Inside are three main mosques: First, the Sulayman Pasha Mosque, which we seem to have missed. Instead, we went to the Al-Nasir Muhammad Mosque. Considered the “plain” mosque, I actually found the interior much more appealing than the gaudiness of the third and most famous mosque.
Third was the Mosque of Muhammad Ali, also known as the Alabaster Mosque. And while it claims to have the oldest and largest pulpit in Egypt, it was the courtyard and 64 windows that I found myself most attracted to.
But it was at the end of our visit to the Citadel that our tour began to go downhill. Though we wouldn’t know it at the time, when Ali took advantage of the gorgeous views to point out the El Sultan Hassan Mosque and the Al-Rifa’i Mosque, that was the closest we’d get to them.
I remember Ali said once you’d seen the inside of one mosque, you’d seen the inside of them all, and I think that’s why he justified skipping the stop on our trip. That said, the El Sultan Hassan Mosque was founded in 1356 AD and is considered the largest mosque in Cairo. The Al-Rifa’i Mosque was architecturally conceived as a complement to the older structure.
Instead, we made our way to Islamic Cairo, founded in 641 AD. Walking through the streets (at a fairly fast clip), Ali pointed out the mosques that we couldn’t go inside – we had arrived during a time of prayer. Understandable, but then he didn’t even bother to stop and talk about the significance of the mosques from the outside.
Perhaps he assumed two Christians wouldn’t have as much interest in the history of the mosques. A disappointing assumption, given I know plenty about my own religion’s history and therefore am more interested in learning about others’.
Before we knew it, we had made our way through the mosques and were now in the Khan Khalili Bazaar. It was nearing 2:00 pm and I was getting ravenous, so after dragging Ali to a souk (snacks were included in the price of the tour), I was ready to shop.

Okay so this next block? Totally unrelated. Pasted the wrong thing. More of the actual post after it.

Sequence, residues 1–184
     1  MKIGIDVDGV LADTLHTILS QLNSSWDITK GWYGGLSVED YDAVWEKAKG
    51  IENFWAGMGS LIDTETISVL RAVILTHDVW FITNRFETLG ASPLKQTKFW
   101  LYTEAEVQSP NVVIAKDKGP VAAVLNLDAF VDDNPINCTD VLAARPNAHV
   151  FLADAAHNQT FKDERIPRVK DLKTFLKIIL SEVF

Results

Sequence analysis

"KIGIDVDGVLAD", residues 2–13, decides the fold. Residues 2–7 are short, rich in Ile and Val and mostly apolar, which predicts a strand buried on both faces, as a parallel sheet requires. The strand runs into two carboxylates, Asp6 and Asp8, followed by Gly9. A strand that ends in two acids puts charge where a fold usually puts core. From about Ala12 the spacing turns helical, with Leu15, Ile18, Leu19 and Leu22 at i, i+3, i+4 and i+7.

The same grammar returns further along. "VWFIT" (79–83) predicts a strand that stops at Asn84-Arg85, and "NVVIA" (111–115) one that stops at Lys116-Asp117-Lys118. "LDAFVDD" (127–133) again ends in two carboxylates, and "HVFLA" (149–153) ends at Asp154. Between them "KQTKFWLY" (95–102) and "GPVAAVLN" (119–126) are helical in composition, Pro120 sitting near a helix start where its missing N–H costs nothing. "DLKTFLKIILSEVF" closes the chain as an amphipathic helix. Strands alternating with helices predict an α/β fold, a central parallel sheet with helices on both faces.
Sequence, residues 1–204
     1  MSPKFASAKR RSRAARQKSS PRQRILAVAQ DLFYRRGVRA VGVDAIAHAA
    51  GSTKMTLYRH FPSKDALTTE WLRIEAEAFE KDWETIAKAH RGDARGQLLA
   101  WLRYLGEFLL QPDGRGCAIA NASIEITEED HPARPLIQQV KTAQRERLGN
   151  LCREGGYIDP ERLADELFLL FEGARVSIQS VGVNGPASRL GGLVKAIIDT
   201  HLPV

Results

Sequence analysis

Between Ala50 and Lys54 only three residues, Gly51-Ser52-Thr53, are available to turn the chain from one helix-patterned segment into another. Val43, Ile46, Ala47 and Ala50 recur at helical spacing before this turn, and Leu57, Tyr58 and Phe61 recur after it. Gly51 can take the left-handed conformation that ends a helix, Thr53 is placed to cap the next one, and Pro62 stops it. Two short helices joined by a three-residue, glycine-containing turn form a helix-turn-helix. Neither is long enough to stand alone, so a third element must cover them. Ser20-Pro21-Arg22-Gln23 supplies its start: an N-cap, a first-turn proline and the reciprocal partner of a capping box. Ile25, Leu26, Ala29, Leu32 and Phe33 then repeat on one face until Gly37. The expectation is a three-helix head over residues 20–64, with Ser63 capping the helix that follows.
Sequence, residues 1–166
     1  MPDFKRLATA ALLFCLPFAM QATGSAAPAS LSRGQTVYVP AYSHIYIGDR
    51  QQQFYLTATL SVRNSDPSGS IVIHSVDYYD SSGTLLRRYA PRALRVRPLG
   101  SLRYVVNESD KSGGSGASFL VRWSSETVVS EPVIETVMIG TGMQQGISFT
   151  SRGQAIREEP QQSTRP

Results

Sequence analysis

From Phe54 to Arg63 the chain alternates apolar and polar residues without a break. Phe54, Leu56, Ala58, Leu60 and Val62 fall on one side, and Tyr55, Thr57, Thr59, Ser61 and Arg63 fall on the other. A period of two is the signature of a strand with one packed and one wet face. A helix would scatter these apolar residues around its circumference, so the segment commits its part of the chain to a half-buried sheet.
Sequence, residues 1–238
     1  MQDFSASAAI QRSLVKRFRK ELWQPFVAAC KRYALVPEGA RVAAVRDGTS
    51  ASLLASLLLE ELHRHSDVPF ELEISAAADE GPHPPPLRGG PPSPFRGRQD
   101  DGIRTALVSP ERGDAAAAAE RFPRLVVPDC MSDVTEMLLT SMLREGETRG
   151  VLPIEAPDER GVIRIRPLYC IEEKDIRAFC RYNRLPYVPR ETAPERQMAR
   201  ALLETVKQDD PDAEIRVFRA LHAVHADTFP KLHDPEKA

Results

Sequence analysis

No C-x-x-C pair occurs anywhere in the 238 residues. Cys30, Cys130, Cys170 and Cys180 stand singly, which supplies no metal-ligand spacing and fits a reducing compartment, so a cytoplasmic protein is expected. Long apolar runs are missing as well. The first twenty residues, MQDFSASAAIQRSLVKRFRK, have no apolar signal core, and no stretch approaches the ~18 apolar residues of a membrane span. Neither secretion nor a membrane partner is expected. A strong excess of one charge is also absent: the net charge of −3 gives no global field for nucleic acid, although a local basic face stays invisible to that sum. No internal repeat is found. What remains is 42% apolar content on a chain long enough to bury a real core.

In the end, I bought one thing…a volcanic pumice stone. Chandler bought two…Egyptian spices. Everything else was a copy of things we had already seen at another point on our trip: rugs (seen in Egypt, Jordan, and Ghana), alabaster stone (purchased in Luxor), cheap trinkets & souvenirs, shisha pipes, bright shirts and pants, etc.
Not much seemed unique. And I would have thought the point of having a guide would be to help you find fair prices, but even after haggling with the shop owners that Ali brought us to, we know we still paid too much.
The walk, however, was nice. And the store owners weren’t nearly as aggressive as we’d been led to believe.
All we had left was lunch. Also included in the tour. Our only request: Not a buffet. And somehow, that’s exactly where we ended up. So instead of filling up on white rice, cold pasta, and iceberg lettuce (it wasn’t even an Egyptian buffet!) we watched Ali eat and I ordered a mango juice (which I had to pay for – only food was included…even if the food wasn’t consumed). And then we said our goodbyes.
Certainly not the day we had planned, but with plenty of bright spots along the way. Our tours, walks, and time spent in the Egyptian museum taught us that Cairo is not the city for us. But I’m glad we learned that before deciding to move there! And we had fun exploring it along the way.